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The Daily Wildcat

The Daily Wildcat

 

“Ready, AIMS, require”

Next month marks the beginning of the testing period for the AIMS exam, Arizona’s high school exit test, and students across the state will be subjected to a barrage of general knowledge questions which, as a body, nominally represent the whole of the Arizona curriculum. But here’s a question for the Arizona Department of Education: Why require a test that has no clear purpose, reduces standards of education, is biased against minorities and has an astronomical cost for a negligible return?

AIMS (a contrived acronym with the cumbersome title of “”Arizona’s Instrument to Measure Standards””) was first administered in the late 1990s amid hand-wringing (not necessarily unjustified) about the state of national elementary and secondary education systems. Motivated by federal funding promised to states that create educational accountability tests, 26 states, including Arizona, have established high school exit exams to evaluate students’ knowledge. But, as noted in a recent New York Times article (“”As School Exit Tests Prove Tough, States Ease Standards,”” Jan. 11) it is doubtful that these tests serve any useful purpose.

AIMS is no exception to the eroding standards which have plagued similar tests nationwide. Arizona’s high school class of 2006, the first class required to pass AIMS in order to receive diplomas, saw the passing grade lowered from 71 to 60 percent correct in the math section, and 72 to 59 percent in the reading section, according to an Arizona Republic article (“”State deems failing grades good enough to pass AIMS,”” May 13, 2005). The passing grade is not a fixed percentage from year to year, but rather derived from a scale based on the test’s perceived difficulty. The passing grades for the 2009 AIMS test, calculated from raw score data found on the Arizona Department of Education Web site, were 57 percent for reading, 58 percent for math and 65 percent for the new science portion (introduced in 2008, which is not a graduation requirement). These are less than ambitious goals —and impossible to evaluate against previous tests, as the difficulty of the test changes from year to year (trending, unsurprisingly, downward).

Additionally, such standardized tests have been accused of systemic bias against poor and minority students. As reported in another Republic article (“”Minorities score low on AIMS,”” April 22, 2005), a study conducted by Arizona’s state universities found that though “”65 percent of White students have passed the math section, twice the percentage of African-American and Hispanic students. Only about one out of four Native American students have passed the math section.””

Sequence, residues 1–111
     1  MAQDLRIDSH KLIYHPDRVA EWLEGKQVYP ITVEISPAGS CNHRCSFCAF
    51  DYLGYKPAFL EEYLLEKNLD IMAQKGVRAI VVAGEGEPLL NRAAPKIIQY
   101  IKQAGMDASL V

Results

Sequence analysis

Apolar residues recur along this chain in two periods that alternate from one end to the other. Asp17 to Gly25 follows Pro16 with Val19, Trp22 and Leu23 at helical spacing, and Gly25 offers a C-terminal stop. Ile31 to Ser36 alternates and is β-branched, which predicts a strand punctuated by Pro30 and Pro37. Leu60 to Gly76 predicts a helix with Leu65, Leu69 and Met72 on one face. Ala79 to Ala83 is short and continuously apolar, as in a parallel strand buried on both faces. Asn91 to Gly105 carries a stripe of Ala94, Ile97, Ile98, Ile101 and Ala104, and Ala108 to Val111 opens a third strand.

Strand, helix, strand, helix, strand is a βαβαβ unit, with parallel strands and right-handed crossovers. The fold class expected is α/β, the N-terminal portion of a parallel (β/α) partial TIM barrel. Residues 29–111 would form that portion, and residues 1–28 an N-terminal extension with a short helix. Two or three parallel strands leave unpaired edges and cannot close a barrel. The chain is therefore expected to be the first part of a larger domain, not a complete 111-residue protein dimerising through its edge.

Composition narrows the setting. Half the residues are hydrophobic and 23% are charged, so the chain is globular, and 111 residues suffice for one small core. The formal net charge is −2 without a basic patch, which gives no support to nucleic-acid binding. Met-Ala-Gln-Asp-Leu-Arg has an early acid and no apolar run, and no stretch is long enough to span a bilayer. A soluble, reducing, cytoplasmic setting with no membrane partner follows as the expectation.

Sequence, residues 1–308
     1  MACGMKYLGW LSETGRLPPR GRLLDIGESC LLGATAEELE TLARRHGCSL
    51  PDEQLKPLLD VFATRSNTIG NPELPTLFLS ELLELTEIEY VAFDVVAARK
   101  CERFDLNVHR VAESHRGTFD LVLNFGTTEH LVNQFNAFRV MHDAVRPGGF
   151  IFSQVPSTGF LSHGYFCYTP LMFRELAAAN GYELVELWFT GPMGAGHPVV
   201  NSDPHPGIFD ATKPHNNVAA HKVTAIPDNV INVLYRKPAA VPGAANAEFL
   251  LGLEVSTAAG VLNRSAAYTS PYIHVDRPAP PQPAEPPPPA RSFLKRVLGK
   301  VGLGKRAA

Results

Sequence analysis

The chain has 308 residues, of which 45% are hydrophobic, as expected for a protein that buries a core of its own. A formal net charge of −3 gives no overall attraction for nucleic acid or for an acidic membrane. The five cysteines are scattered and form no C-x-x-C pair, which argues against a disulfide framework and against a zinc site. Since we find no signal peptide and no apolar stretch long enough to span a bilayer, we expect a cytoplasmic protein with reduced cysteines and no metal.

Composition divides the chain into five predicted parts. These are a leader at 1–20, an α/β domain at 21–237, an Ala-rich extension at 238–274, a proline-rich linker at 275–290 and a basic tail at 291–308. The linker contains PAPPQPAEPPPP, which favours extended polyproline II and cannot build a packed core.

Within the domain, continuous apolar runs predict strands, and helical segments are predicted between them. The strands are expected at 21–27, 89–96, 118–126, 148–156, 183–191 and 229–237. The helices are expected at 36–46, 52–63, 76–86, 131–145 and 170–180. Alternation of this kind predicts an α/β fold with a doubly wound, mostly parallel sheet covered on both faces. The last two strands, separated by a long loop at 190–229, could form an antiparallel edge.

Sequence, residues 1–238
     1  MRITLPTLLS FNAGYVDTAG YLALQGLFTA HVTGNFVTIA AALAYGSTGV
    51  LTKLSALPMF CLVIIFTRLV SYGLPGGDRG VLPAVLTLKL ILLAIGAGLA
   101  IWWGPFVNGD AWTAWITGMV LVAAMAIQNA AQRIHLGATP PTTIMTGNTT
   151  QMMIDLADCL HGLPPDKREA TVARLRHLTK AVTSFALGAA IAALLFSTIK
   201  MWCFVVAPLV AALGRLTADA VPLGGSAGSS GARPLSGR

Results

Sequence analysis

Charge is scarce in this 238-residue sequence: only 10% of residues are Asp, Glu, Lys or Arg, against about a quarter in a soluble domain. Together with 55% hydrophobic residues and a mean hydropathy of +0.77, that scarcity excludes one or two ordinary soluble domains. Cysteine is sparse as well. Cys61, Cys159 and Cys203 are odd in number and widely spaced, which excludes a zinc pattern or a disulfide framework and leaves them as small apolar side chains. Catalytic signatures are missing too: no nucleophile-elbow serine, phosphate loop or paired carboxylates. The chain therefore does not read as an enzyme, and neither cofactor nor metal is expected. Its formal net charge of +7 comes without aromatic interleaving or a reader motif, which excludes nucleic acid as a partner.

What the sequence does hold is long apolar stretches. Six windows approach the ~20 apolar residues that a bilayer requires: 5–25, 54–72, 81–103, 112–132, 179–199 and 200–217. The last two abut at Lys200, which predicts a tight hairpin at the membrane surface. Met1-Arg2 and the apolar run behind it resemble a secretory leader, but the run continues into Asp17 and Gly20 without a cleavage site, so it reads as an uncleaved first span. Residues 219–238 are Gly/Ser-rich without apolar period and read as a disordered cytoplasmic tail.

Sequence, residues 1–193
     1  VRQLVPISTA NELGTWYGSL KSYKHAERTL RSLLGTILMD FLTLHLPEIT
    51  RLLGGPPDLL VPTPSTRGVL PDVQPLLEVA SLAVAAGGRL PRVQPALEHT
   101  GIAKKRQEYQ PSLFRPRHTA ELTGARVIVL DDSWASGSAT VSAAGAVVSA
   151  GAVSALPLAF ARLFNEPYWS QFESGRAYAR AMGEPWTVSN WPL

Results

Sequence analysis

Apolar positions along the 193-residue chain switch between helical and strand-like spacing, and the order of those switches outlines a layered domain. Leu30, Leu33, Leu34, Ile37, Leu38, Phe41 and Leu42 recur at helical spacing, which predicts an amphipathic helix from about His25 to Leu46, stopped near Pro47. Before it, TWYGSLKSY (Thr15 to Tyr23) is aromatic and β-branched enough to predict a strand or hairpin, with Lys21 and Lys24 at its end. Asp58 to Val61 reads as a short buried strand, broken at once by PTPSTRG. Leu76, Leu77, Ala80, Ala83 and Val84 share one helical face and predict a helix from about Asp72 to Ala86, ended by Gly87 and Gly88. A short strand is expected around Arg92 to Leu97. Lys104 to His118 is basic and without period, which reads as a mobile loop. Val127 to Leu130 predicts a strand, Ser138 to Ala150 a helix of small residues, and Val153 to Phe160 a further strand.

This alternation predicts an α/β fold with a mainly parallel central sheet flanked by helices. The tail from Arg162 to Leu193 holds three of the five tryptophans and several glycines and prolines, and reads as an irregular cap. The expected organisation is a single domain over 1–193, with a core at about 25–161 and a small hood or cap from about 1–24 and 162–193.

Rather than suffer the consequences — political and financial — of admitting that their educational systems are failing, many states have elected to lower the passing standards for their exams. John Robert Warren, an exit-exams expert quoted in the Times article, said that “”The exams are just challenging enough to reduce the graduation rate…but not challenging enough to have measurable consequences for how much students learn or for how prepared they are for life after high school.”” That is to say, by administering a test such as the AIMS, instead of enforcing “”high standards”” Arizona schools make a ceremonial sacrifice of their most disenfranchised students. The school system then releases the incompetent remainder out into the world or even into fine institutions such as the UA — explaining in part, among other things, the state of our general education program.

Such exit exams are not only unreliable for student evaluation and standards enforcement, but very expensive. A press release dated June 1, 2009 from Pearson Education, the company which designs the AIMS test, reports that “”the new (2009) contract is valued at approximately $11.8 million through June 2010, after which time it is annually renewable through June 2014… bringing the total potential contract value to $68.2 million over a maximum five-year term.”” This figure includes only the cost of purchasing the test. The 2009 state budget provides about $10 million under the general heading “”Achievement Testing,”” and predicts an additional $5.9 million in federal assistance under the No Child Left Behind Act.

Instead of spending such an exorbitant amount in tests that arouse widespread suspicion, both federal and state money would be better spent improving the actual institutions of elementary and secondary education. The AIMS test and its ilk do not only leech funding from real education but actually damage it, encouraging teachers and administrators to “”teach to the test”” rather than impart necessary knowledge and skills, in order to secure federal funding. Arizona needs to provide an actual education, not a test designed to deceive, inveigle and obfuscate.

— Ben Harper is a graduate of the Arizona public school system, and (several inspirational teachers excepted) probably could have done just as well if he had fished his GED out of a box of Cracker Jacks. He can be reached at letters@wildcat.arizona.edu.

 

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